In the brain, nerve cells generate rhythmic activity or ‘brain waves’. In many neurological diseases these rhythms are disrupted, producing abnormal patterns of activity. In epilepsy, abnormal activity can often be localised to a small ‘focus’, which then spreads causing a seizure. Epilepsy affects 600,000 people in the UK and uncontrolled seizures have devastating effects on patients’ lives. Nearly a third of cases fail to respond to conventional drug treatments and may require surgical removal of the focus. However, surgery may not be suitable for all patients due to irreversible damage to necessary brain functions.
This CANDO project proposes an alternative treatment using a small implant to modulate abnormal activity and so prevent seizure development. The implant provides precisely timed stimulation by continuously monitoring brain waves via implanted electrodes and modifying them via implanted light sources. This requires that some cells within the focus are genetically altered using a safe virus to make them sensitive to light. The goal of this project is to create a successful first-in-human trial in epilepsy patients.
The exhibition is the artists' response to spending time studying the complex computer modelling that tests thousands of different scenarios, observing the animal experiments that are essential ahead of any human trials, and lengthy discussions with legal experts about the ethical implications of this kind of technology and what it might mean for all of us.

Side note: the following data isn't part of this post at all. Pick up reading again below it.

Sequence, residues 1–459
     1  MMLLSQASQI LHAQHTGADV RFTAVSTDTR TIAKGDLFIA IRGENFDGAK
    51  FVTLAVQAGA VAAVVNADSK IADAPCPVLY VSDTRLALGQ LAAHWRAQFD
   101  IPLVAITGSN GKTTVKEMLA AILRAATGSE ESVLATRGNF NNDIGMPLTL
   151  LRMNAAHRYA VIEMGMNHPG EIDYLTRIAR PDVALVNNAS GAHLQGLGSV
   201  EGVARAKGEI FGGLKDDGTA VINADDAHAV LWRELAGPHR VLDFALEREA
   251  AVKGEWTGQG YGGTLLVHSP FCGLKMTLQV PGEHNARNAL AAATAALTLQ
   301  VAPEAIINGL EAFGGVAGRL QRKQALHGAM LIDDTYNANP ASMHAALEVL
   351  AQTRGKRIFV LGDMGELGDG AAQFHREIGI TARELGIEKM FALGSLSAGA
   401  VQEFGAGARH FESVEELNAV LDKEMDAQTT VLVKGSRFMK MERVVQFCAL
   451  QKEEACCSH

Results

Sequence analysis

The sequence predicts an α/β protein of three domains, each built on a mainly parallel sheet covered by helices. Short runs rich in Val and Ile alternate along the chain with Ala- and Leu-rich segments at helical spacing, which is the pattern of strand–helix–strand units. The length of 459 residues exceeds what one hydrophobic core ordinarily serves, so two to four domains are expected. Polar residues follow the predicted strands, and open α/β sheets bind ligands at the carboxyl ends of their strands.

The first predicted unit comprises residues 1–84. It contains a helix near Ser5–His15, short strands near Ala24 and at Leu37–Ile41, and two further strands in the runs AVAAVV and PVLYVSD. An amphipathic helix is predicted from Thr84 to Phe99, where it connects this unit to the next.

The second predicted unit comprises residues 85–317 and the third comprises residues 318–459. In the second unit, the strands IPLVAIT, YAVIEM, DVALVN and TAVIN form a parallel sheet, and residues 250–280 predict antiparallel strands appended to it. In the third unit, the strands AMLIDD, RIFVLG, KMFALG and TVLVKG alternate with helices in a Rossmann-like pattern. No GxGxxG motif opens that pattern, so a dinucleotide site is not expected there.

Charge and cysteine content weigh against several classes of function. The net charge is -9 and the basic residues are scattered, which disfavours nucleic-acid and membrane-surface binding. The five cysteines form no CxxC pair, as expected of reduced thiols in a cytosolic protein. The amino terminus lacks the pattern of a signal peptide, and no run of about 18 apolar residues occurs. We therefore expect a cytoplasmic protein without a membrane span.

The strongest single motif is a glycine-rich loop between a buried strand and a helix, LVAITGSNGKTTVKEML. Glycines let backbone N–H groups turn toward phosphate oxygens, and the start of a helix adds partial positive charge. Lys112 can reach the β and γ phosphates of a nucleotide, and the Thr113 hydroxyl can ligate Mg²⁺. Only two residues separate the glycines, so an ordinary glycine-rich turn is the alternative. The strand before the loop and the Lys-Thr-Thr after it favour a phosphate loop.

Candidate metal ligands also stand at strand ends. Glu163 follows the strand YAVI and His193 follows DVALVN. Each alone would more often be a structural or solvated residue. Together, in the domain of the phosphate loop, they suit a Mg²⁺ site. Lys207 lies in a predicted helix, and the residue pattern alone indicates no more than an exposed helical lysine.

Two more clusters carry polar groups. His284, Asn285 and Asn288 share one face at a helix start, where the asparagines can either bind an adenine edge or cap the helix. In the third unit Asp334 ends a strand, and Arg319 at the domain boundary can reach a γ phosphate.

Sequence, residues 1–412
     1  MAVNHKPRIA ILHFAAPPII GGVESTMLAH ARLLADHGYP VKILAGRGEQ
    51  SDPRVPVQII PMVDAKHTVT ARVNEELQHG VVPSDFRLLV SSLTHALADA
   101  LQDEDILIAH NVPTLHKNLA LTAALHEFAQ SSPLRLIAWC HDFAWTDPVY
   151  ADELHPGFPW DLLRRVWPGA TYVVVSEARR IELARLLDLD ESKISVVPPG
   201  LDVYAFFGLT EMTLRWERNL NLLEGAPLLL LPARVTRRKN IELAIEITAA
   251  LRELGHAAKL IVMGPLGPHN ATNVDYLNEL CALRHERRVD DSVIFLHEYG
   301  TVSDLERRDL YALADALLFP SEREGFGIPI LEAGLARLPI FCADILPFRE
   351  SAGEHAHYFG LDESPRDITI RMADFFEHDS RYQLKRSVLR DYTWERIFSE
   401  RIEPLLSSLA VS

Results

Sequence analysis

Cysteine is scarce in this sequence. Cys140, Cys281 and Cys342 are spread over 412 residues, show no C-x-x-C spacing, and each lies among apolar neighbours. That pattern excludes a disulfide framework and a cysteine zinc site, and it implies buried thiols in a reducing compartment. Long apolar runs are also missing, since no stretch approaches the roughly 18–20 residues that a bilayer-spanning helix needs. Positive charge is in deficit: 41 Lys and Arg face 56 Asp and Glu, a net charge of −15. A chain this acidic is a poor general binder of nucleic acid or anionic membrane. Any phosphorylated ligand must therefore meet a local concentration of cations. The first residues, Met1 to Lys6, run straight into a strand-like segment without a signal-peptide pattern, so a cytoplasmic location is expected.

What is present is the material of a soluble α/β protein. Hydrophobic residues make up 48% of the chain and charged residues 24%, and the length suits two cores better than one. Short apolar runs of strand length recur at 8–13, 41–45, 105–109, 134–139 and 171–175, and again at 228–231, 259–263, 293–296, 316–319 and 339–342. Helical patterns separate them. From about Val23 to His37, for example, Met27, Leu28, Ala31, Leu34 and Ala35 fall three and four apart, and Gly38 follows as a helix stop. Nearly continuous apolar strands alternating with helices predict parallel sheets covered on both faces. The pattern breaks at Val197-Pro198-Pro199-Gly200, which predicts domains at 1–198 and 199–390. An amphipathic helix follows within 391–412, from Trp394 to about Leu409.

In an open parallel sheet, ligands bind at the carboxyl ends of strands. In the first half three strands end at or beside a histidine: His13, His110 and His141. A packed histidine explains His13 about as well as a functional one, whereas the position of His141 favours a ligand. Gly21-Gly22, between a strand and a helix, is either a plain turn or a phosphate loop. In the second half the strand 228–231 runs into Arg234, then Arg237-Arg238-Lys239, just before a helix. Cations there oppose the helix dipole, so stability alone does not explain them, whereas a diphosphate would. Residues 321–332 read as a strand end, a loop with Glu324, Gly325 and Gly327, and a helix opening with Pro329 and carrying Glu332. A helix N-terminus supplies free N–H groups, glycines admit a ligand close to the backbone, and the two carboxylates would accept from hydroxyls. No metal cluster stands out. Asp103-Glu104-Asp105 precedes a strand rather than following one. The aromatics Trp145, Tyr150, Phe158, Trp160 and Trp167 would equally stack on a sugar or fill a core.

"The question of how we construct our sense of self and how it might be changed by the integration of biotechnology within the body has been central to discussions for Illuminating the Self. The artworks in the exhibition navigate the scientific and technological aspects of the project alongside the intensely human experience of epilepsy."
"For Andrew carnie this has meant focussing on the inner workings of the brain, how they are disrupted during a seizure and how gene therapy and the CANDO implant might modulate this disruption. Susan Aldworth has responded to the inner feelings and experiences of those living with epilepsy."
"The exhibitions of Illuminating the Self attempt to give us insight into cutting edge and complex neuroscience, and convey a sense of pioneering research on the brink of breakthrough. They also aim to increase our understanding of what epilepsy is and what it means to live with the condition. Their main concern however remains to encourage visitors to ask their own questions - about the science, the technology, the art and about themselves."
Lucy Jenkins, Curator of Illuminating the Self
18th January - 9th May
16th January - 29th February